The movie “Dogma” didn’t do too well at the box office—after 12 weeks it pulled in a measly $27 million—but the critics, being for the most part critical of the Catholic Church, liked it. Indeed, some loved it so much they voted it one of the ten best movies of 1999. Among “Dogma’s” fans were priests.

Father John Kirwin, pastor of St. John’s/St. Ann’s Church in Albany, New York, criticized Catholic League president William Donohue for not understanding “the art of caricature.” “I am inclined to think that caricature lends itself to being better understood on the screen than on the page,” he wrote in Albany’s Times Union, “and yet Donohue based his stand only on a reading of the script.” Father Kirwin also said that the film was seen by the league as “a mockery of the things they hold sacred,” making plain his stand that what we hold sacred is not what he holds sacred.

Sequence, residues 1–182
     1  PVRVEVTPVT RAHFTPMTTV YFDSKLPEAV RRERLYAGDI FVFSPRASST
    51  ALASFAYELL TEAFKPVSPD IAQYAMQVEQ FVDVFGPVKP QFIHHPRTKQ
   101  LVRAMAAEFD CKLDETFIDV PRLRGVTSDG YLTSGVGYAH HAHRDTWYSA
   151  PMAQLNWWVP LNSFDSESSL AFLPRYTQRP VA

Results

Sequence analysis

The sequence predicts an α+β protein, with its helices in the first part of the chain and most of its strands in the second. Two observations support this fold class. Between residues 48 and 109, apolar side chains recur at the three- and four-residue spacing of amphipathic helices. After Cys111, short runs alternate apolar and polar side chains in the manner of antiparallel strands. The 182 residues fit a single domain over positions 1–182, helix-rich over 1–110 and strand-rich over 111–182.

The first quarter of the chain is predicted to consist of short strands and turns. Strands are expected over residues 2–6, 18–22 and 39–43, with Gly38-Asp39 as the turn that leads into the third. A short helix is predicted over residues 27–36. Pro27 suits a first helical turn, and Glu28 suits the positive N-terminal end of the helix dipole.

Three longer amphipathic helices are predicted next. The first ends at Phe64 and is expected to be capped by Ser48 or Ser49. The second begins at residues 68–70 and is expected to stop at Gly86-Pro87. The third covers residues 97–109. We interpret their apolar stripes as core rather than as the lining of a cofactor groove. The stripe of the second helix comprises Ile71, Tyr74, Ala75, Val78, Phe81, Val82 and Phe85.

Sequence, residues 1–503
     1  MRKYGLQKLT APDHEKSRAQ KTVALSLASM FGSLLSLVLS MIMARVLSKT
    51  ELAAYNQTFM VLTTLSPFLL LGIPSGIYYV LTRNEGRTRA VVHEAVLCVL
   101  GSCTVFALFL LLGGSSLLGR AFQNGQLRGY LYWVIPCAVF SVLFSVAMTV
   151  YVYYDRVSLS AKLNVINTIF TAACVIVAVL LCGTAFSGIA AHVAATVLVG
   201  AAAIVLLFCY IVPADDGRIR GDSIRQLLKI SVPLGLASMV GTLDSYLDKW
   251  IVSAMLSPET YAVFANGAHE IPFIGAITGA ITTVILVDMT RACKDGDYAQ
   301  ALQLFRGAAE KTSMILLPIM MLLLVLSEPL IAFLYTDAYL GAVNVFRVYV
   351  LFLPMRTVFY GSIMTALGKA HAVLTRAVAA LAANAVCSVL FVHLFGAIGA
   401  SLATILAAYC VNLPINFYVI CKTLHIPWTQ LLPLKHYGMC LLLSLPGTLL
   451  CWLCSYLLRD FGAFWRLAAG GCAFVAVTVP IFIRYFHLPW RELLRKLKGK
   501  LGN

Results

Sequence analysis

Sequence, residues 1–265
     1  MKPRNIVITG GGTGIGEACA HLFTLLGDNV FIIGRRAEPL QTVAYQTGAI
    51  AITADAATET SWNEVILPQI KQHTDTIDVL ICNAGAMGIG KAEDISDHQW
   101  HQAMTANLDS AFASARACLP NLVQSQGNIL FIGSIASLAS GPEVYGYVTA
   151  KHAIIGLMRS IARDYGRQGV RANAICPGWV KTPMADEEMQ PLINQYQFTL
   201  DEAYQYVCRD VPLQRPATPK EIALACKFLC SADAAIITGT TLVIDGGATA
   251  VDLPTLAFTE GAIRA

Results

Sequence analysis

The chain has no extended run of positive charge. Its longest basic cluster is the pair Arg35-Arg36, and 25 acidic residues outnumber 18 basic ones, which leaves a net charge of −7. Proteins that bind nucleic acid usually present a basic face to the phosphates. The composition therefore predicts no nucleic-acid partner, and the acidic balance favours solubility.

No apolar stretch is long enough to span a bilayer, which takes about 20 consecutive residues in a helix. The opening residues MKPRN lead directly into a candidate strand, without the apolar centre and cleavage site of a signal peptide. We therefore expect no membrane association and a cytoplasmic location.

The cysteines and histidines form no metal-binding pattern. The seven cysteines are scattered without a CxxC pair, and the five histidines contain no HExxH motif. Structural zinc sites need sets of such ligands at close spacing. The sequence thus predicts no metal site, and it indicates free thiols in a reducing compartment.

In the pages of the Catholic journal Commentary, movie reviewer Richard Alleva boasted, “I liked the movie’s insolence,” noting that his favorite scene was the “muse-angel turned stripper” who chews bubble gum “while dancing on top of a bar.”

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